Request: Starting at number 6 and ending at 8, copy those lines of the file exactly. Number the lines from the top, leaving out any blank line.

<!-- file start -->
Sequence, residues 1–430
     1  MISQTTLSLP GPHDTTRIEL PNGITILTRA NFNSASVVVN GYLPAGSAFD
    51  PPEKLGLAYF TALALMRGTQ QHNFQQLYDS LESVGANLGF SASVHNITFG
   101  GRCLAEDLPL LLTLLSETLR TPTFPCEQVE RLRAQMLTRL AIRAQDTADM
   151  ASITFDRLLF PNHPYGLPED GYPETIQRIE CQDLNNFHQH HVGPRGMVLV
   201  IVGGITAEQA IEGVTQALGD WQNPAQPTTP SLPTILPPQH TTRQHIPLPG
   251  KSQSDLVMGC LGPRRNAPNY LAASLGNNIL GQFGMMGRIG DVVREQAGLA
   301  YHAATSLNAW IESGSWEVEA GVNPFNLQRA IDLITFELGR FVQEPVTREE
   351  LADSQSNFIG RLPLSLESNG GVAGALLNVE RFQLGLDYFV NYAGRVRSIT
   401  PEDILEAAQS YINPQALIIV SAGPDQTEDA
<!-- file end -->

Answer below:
   201  IVGGITAEQA IEGVTQALGD WQNPAQPTTP SLPTILPPQH TTRQHIPLPG
   251  KSQSDLVMGC LGPRRNAPNY LAASLGNNIL GQFGMMGRIG DVVREQAGLA
   301  YHAATSLNAW IESGSWEVEA GVNPFNLQRA IDLITFELGR FVQEPVTREE